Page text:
Julian (06:10):

It’s fixed, “except for,”… okay?

Kimmy (06:15):

Back to that 1%, that small percentage we were talking about last week, how many is 1% when you’re talking about all of the websites ever?

Julian (06:24):

Well, I have one client still in that 1% that I’m pretty sure, but we won’t go there.

Matt (06:32):

Yeah. Well, it’s good. Good to know that they’re at least working on it. It does look like the REL canonical issue is still not fixed, but, I’ll take 1% over 10%.

Julian (06:46):

REL canonical can really mess things up, being able to use it in Google, taking it, actually reading your role. Canonical can be very handy to, get the full value of content to make sure that Google doesn’t see it as duplicate things like that. At the same time, I do wonder when you run a report on a page, if it is affected negatively by the REL canonical issue, if it would show up as, well, because you’ve got the user defined, REL canonical and then you have Googles defined REL canonical. And you can see that in Google search console, and I wonder if that would reflect the issue or if the issue would exist without reflecting it in the tool. I’m not sure about that, but it’s an interesting thought I had.

Matt (07:32):

All right. well it also, Google also came out and said that slow URLs can impact rankings of other faster URLs on their site. So getting back to site speed, Julian, and this is something that you and me have talked about at nauseum in the past, but basically from what I could tell it was, if Google doesn’t have the proper data for the rest of your site, a slow URL on your site, So maybe a URL with a ton of videos or something or just poorly implemented Java or something along those lines, could really slow down your total site rankings because of that. Is that what you were hearing too?

Julian (08:19):

Yeah. Yeah. Site speed is always a headache, always a challenge, something that always needs to be worked on. But yeah, I mean, it makes sense for Google to say, we haven’t crawled your whole site, but these pages are slow. And so we’re going to take the status, your crawl status and your load time and implement it across the whole site until we see it. So that makes a lot of sense. What is frustrating is right now, there is like a line in the sand, and there’s a lot of when it comes to where they’re going with page speed vitals, and first frame, full load versus whole page load and things like that that will become ranking factors in the future. Right now you can say, well, how long does it take for my page to load? And that’s a pretty good basic metrics, but just to make it even more complicated is you can have a ten second loading site that ranks well and is not algorithmically penalized for having a slow page because the industry is quite large sites.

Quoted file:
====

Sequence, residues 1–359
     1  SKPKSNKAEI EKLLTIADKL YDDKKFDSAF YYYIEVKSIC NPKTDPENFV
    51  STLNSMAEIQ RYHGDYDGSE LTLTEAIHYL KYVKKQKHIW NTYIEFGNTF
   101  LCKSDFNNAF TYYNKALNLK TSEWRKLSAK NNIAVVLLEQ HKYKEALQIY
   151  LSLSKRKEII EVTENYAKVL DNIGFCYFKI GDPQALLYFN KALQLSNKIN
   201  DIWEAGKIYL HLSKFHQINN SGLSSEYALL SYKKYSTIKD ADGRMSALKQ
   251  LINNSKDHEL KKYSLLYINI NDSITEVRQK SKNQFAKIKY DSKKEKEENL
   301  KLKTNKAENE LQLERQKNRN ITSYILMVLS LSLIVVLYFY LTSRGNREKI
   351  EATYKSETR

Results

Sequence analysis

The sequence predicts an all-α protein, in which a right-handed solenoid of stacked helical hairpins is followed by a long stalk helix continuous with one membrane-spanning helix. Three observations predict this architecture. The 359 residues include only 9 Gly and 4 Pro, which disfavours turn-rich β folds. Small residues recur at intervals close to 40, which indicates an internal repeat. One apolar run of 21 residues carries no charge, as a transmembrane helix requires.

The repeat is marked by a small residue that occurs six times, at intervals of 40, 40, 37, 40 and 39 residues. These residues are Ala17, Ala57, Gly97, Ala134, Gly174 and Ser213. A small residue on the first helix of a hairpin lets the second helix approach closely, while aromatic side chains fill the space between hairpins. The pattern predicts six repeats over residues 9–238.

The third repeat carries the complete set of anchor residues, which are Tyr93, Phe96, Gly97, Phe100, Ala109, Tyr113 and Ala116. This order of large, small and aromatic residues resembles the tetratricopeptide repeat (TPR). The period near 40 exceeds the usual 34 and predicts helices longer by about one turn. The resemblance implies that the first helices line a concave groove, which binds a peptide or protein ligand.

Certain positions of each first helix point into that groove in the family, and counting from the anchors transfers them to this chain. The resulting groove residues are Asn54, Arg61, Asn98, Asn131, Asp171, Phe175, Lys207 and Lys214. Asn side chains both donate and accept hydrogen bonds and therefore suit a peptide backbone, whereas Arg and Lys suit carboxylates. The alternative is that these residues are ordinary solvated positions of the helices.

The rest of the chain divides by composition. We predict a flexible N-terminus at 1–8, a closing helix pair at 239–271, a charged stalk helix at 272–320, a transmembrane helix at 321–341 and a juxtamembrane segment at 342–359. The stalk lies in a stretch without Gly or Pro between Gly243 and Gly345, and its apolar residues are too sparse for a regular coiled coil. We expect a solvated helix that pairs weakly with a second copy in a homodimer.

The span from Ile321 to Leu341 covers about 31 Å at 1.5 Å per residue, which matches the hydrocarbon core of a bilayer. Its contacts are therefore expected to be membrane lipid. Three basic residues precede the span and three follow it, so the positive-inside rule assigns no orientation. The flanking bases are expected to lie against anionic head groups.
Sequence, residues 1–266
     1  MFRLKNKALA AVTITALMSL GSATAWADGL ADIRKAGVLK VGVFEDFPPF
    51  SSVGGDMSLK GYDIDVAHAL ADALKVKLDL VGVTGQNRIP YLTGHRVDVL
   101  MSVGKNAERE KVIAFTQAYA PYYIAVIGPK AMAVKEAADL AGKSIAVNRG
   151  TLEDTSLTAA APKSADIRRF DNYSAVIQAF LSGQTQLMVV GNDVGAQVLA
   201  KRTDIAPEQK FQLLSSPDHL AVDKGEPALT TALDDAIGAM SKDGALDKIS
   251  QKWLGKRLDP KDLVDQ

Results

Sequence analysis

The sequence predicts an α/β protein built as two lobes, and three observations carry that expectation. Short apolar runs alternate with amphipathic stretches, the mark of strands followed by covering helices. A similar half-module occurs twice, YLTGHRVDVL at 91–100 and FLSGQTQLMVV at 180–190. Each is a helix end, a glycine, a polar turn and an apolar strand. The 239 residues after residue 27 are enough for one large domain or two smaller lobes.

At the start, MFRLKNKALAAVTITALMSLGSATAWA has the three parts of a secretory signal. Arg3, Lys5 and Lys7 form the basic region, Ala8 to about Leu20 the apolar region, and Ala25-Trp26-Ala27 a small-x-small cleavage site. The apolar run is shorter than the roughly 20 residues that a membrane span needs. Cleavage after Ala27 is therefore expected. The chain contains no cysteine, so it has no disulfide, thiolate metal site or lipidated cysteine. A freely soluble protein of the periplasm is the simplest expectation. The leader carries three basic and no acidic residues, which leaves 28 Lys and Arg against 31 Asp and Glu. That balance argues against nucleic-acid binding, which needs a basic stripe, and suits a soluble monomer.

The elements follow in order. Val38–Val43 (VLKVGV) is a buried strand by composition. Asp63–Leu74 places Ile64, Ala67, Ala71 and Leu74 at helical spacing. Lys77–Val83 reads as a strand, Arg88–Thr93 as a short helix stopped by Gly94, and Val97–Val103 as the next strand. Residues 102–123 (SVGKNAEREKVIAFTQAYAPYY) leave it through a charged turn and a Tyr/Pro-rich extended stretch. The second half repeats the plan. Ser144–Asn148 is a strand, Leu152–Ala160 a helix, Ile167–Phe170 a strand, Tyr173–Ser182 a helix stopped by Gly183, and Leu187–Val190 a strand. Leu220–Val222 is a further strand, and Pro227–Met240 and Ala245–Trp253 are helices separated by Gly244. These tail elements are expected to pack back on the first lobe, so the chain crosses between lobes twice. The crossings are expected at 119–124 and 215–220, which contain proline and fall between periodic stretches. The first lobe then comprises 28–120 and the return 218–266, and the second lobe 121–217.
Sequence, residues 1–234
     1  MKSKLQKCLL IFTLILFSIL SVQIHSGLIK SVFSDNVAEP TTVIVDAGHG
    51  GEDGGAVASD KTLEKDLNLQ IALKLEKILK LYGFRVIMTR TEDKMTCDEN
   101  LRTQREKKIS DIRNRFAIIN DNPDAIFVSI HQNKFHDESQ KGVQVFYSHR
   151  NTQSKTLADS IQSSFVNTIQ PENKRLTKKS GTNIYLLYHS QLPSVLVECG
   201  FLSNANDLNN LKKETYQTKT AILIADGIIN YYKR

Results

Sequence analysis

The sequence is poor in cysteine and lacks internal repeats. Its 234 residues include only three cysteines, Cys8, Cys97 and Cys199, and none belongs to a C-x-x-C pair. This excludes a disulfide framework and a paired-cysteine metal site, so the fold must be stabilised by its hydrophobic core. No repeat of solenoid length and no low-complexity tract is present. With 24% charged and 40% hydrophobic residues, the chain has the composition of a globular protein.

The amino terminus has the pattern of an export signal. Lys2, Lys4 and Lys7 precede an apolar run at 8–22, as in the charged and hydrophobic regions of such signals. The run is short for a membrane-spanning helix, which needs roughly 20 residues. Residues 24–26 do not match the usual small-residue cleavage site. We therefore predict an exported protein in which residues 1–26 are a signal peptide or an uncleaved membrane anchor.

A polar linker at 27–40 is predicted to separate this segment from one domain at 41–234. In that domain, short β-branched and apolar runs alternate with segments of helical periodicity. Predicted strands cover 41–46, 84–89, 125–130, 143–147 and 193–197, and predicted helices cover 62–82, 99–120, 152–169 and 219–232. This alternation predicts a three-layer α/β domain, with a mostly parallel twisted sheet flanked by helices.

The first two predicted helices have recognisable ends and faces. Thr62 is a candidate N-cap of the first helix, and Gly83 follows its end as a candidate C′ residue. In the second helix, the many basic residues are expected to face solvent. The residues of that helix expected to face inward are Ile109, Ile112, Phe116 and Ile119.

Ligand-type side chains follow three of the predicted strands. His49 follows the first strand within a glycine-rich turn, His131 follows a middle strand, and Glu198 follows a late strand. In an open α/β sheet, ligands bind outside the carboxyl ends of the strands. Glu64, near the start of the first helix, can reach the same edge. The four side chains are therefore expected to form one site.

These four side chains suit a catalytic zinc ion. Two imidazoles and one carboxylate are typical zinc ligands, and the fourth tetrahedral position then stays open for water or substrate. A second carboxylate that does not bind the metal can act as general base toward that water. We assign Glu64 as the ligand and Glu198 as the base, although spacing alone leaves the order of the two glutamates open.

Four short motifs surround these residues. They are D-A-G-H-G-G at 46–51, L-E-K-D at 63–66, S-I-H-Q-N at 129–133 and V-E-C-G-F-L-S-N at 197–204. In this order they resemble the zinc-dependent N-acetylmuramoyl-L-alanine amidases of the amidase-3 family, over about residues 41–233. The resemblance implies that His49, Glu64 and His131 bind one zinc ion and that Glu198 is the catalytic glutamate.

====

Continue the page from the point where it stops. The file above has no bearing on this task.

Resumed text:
Julian (09:31):

It’s used to it. And then you have a site that loads in four or five seconds that is considered a slow mobile load page. And often we’ll see a page drop-off and there’s little signs where we can see desktop versus mobile ranking discrepancies where mobile is 60th position but desktop is 20th and you’re like, wow, there’s differently. an issue here that’s affecting the client. So, just with all things, SEO, it’s definitely a moving target, but yes, that makes sense that Google goes ahead and applies what they know across your whole site.

Matt (10:17):

Yeah, absolutely. All right, and Google local and maps is now fully displaying health and safety in the search results. I think it’s under the about section. Kimmy, this is something you saw as well. You care to comment?

Kimmy (10:34):

Oh yeah. It’s just a little bit of follow-up from weeks past. Google has been rolling out different features. We’ve seen a few features at a time. Kind of starting with a mask required, things like that, that are kind of indicators of what businesses are doing to stay safe during the pandemic. It Seems like we, or a lot more people have seen those features coming out and even more so than some of the ones we had seen in the past. We’re seeing things like enhanced cleaning whether or not they’re doing physical distancing with barriers let’s say between the counter and yourself, contactless service, etc. Just things like, that seems like we’re seeing that roll out a lot more. So it’s just something to keep an eye out for, especially if you’re going to be out and about in your community, and that way you can find out a little bit more about what the businesses are doing to stay safe.

Matt (11:29):

Yeah. Huge help, especially now. All right. And Google ads, a shopping feature for advertisers and searchers Kimmy. This was something that I know you wanted to talk about and you had a birthday announcement?

Kimmy (11:45):